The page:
Sometimes my head is just a problem book that I can only close when I go to sleep. How will my brother escape the charge of going in the army, where should my parents live now that they have no house anymore? Whenever I call my family in Syria, there are new problems. But there is also my new life in the Netherlands. Do I get my state exam before September? If I do not succeed, what should I do for a year? How do I pay my tuition fees later and how do I get to my own house? I’m sometimes tired of all those questions and problems. When I was in the refugee shelter a year ago, I had only one wish: a house. When the municipality of Arnhem proposed to make “dome couples” who live together in a house, I immediately said yes. It was a way for the municipality to quickly help refugees, for us a way to get the refugee shelter. Now, a year later, I wish I did not give up as a guinea pig. Our house does not appear to be temporary, but forever. If we do not take action ourselves, my house mate Achmed and I are old together. “If you’re lucky, you can find a house through our housing system within two years,” said a refugee employee. The verdict is strange. If I was lucky, I would not have been born in Syria, or would the war never be broken, so I would not have had to come to the Netherlands at all. It feels strange that in a rich, modern country like the Netherlands there are not enough houses. In Syria you can rent a house every day of the week. Not that people have money for it, but it can. Here people have money, but can not. Complaining as a refugee, it’s not possible. But sometimes, I’m just tired and I’m not talking about gratitude for a moment. Dutch people also complain, so I’m just really integrating.
063 – Internet
My Syrian friend Basel and I integrate on the internet. Because in the Netherlands you do everything through your computer. Nobody can tell you anything, it must come from a screen. A doctor can not diagnose his head, like doctors in Syria. It seems like a doctor is talking to his screen, but actually he is talking to you. A receptionist knows nothing without internet and my contact on the HAN also gets everything from his computer. You wonder, where is this human questionbag still necessary, if anyone still looks in the PC for a while. In any case, Basel and I started with internet stores. I signed up for a free phone and Basel wanted to try herbal remedies. Within a few days I was called with the news that I had won a trip to Abu Dhabi. I scared my bike along the side of the road and answered all the questions of the woman. Who I wanted to go with, where I lived, how to reach me. I have heard nothing from that holiday, but from other companies. I’m called every day. ‘Mister Mr. Manlasadoon, we’ve heard you’re interested in solar panels?’ The search for Basel for herbal remedies was even more dramatic. Whenever something goes wrong, we call Gerda. A lovely Arnhem woman who took me home in my first time in the Netherlands. “Eh Gerda?” “Always when I call her, without having an appointment, she knows that I am in trouble. “We have a subscription for hair growth funds for the duration of one year. We have to pay 50 euros a month.” Gerda sighs. “Can’t you stay out of trouble once a week?” Her son wrote a letter stating that Basel is a refugee who does not know what he has clicked. There is a compromise, we have to pay one month for herbal remedies. I think we’re going to ‘integration on the internet’, but just break down. Nothing for us.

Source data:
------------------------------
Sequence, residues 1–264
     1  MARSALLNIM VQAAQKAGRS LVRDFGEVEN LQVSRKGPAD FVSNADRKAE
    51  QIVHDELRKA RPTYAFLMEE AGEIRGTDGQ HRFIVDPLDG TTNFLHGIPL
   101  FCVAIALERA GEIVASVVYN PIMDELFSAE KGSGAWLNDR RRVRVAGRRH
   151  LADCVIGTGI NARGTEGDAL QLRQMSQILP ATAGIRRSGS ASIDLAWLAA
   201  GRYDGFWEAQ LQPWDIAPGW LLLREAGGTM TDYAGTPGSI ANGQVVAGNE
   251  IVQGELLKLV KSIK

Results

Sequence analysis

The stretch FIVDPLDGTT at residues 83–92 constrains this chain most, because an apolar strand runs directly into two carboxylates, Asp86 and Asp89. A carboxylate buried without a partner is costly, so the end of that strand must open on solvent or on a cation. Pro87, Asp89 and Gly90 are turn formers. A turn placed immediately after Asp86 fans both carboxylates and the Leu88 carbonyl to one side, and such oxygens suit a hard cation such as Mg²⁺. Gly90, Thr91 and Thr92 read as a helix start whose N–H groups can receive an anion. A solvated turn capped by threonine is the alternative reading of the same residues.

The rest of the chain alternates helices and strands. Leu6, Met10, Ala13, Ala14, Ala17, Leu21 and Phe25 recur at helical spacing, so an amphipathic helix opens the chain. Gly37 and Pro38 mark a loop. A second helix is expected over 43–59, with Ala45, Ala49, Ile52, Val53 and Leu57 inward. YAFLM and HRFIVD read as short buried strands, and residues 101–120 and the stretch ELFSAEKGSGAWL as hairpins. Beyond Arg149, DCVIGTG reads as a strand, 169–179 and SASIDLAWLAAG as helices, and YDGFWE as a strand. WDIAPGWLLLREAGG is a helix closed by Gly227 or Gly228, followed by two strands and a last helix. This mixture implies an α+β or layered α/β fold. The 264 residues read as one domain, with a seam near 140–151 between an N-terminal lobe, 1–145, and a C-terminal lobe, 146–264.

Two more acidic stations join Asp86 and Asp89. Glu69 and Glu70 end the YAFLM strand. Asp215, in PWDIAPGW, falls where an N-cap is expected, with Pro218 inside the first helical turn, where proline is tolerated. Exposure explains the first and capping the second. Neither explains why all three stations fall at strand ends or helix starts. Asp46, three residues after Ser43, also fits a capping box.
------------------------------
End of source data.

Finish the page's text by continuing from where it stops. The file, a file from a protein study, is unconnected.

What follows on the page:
062 – Integration exam
Last week there were flags from the window with school bags everywhere in Arnhem. Students received notice that they were successful. Here after the congratulations you ask the question: And? What are you going to do now? In Syria you do not choose what to study, the numbers determine it. You can earn a total of 240 points. In addition, a smart trick during an Syrian exam is involving President Assad in your answer. Few teachers who dared to put a red line by a statement from him. Of course, students make use it. If you are successful, your mother is yelling in Arabic from the window. The street will congratulate you. Then the question: And? How many points did you earn? I really wanted to be an architect, but for that you need 207 points. I had 201. I could do that with the law, so I did. If you have not reached enough points, you can pay by. Then you can study what you want. We had no money for that. For an ICT training you will need the second highest score. Only doctor is higher. In the Netherlands you can easily enter the ICT, so many Syrians do that too. A calll to your family that you are in ICT here can not make them more proud. Funny by the fact that in a country where everything really goes through the internet, the result of an exam is over the phone. You will be called here, or not. In Syria, nothing goes on the internet, but a test result then suddenly. While most do not have it. So Syrian students travel on the day of the results to a good neighborhood, looking for a shop where the internet is. There they go round the computer to see their results. My mother starts yelling when I have graduated from my graduation degree. I do not keep the phone out of the window, I suspect my neighbors do not understand that they need to congratulate me. So it just becomes a flag with a bag on it. As a citizenship certificate.
061 – To greet
To greet in the Netherlands, that remains a bit uncomfortable. I want to adapt myself to Dutch by hand and kiss three times, while Dutch people want to adjust to me and give me a hand or give me a greeting from a distance. When I was just in the Netherlands and was in The Dome (De Koepel) in refugee care, it was much more uncomfortable. Women stormed down at me to give me a hand or kiss me, but I screamed and fell backwards. I’m used to the fact that it is very inappropriate to touch a woman at the first meeting. It could offend her husband. If Dutch women kiss me in the presence of their friend or husband, I still find it difficult. I always look nervous about her friend or husband. Is he all right? During that time, I also embarrassed the Dutch. I was taken home by the Dutch couple Gerda and Erik. When I met Erik, I gave him two kisses. I noticed that he did not like that. Now I understand that Dutch men do not kiss each other. If my father came to the Netherlands and he would meet Gerda and Erik, he would not give Gerda a hand at the first meeting. He would find it inappropriate in the presence of her husband. The Dutch might call it disrespectful, while my father would feel a brutal, respectless man if he would. Well, just culture difference. My dad and grandpa greet me for Syrian use with a handshake. After the kiss you touch your forehead with your hand. Then they said, “I’m happy about you”. Children in Syria kiss but like the hand of their (big) father, because in most cases they get money back. My father did not rarely call me when I walked: “Kissing does not make sense Anwar, I do not have money in my pocket!”